As many of you know, I have a thing for collecting vintage items. One of my favorite things to find are very old children’s activity magazines from the early 1900’s. Child Life and Junior Home are the two that I most frequently can find – and they are just full of amazing projects, gorgeous illustrations, and many crafts. It is really interesting to see what was considered age appropriate at the time, because both magazines frequently offer woodworking projects that require kids under the age of ten to use saws, hammers, and other tools that I’m not so sure we’d be comfortable with today.
Today’s project idea comes from a paper basket craft from one of these magazines, though I’ve changed and adapted it to make it easier to create. Back then most magazines (not just those for kids) offered very general templates and even more vague directions, because so many daily items were handmade in those days. So, this project originated as a tiny 1 inch diagram with a paragraph of instructions – I’ve redrawn the template, included some fun retro Easter character art, and created a printable project that you can download for free and use as much as you want! And I’ve also included…. real instructions! Fancy that!!
What you need to make these printable paper Easter baskets:
- Two yards of ribbon (NOT satin ribbon – grosgrain works best)
- One wooden skewer (like you can find at any grocery store)
- A standard hand-held hole puncher
- Glue stick or regular school glue
- A low-temp hot glue gun
- Print out TWO COPIES of the Easter basket art for each basket you want to make
I also recommend using regular paper and not card stock, only because the thicker paper is too difficult to fold accurately.
- Easter basket stuffings of your choosing.
First, cut out the two sides of the parasol basket along the outside black line:
Next, I highly recommend scoring your folds before folding, because you want your folds to be as precise and crisp as possible. You can do this with a bone folder, by simply taking a ruler and tracing the fold lines (which are included a diagram on the printable). If you don’t have a bone folder, simply use anything with a dull-ish point that won’t leave a mark – I used the point of a knitting needle, and have used the dull side of a butter knife in the past.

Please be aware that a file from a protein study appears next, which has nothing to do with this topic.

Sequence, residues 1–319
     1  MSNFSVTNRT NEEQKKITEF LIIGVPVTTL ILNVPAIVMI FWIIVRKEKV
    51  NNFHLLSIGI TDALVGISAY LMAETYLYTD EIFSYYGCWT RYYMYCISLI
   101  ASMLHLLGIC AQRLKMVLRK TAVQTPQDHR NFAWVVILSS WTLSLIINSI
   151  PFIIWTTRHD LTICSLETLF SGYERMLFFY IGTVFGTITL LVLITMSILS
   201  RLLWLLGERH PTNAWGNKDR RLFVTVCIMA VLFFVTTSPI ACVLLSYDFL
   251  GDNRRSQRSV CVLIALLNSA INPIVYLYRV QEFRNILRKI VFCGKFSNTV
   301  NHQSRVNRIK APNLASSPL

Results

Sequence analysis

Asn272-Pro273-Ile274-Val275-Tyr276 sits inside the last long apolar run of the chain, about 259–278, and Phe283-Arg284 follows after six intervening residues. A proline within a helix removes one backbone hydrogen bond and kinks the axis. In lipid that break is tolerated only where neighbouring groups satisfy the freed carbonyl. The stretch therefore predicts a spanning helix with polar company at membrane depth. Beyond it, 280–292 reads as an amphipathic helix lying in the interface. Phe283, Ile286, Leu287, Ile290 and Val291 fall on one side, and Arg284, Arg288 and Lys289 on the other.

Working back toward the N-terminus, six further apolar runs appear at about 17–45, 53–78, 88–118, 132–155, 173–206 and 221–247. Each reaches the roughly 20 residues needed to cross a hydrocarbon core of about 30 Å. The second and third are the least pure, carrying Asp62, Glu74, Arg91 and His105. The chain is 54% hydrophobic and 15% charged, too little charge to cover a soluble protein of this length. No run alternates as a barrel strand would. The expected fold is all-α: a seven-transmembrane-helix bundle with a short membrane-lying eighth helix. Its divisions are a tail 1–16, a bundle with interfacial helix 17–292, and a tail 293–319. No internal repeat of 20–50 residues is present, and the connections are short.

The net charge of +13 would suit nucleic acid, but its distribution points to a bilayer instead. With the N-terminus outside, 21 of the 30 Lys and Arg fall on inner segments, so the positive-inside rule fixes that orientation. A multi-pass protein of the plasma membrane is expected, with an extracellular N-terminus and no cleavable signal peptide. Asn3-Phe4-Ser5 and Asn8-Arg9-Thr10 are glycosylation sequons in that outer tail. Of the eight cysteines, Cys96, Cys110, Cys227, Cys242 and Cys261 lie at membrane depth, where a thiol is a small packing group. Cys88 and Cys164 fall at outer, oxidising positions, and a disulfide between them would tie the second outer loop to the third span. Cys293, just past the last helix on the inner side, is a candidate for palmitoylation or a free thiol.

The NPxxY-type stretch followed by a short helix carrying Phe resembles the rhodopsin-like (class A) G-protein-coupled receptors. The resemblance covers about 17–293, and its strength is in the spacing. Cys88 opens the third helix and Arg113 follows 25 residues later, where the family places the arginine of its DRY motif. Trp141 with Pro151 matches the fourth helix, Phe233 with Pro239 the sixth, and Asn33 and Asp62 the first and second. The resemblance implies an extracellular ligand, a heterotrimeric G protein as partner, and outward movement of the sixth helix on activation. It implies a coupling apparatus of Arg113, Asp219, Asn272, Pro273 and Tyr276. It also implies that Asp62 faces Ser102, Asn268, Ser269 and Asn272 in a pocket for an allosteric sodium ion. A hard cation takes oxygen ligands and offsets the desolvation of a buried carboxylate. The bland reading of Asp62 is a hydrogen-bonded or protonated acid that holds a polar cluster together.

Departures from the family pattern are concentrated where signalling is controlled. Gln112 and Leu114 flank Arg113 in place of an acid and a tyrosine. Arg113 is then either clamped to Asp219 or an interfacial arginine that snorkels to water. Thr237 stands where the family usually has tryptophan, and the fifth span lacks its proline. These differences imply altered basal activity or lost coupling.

Next you’ll need to punch holes on on either side of each fold – you can see them in this next photograph, which also shows how to glue the two sides together with the flap on the back, which will eventually be on the inside of the basket:
While the glue is drying, take your wooden skewer and wrap it with ribbon. I tacked the ends in place with a glue gun, but regular glue will also work if you can hold the ends in place until they dry. Do the next step before you insert the skewer handle into the paper parasol as shown in the last photo below. You’ll need to wrap that extra ribbon on the bottom after you insert it into the parasol.
This is actually the trickiest part – the folds on the parasol naturally want to reverse themselves and zig zag, but you obviously want all the folds pointing towards the inside of the basket. Feed the ribbon through the punched holes, and gently pull it into a smaller circle, which will hold the parasol in it’s shape. This might require the help of an adult if younger children are working on it, and it is especially important to NOT use silky ribbon here, because it simply won’t hold the paper, and it will slide everywhere, and you will want to throw it away thinking it is all messed up: ask me how I know this!! *smile* The grosgrain ribbon has just enough texture to hold the paper in shape while you try to wrangle the folds into place.
Once the ribbon is in place and folding is complete, insert the ribbon-wrapped skewer into the center of the parasol – you can see in the photo above that I’ve wrapped extra ribbon at the bottom of the skewer to help hold it in place. I also tacked it on the inside with some additional hot glue.
At this point, your basket can be complete! But if you want to hang it, simply hot glue a loop of ribbon to the top. You can stuff the basket with grass and goodies, but remember that it is made of paper and won’t hold anything too heavy. Peeps are perfect!
more Easter crafts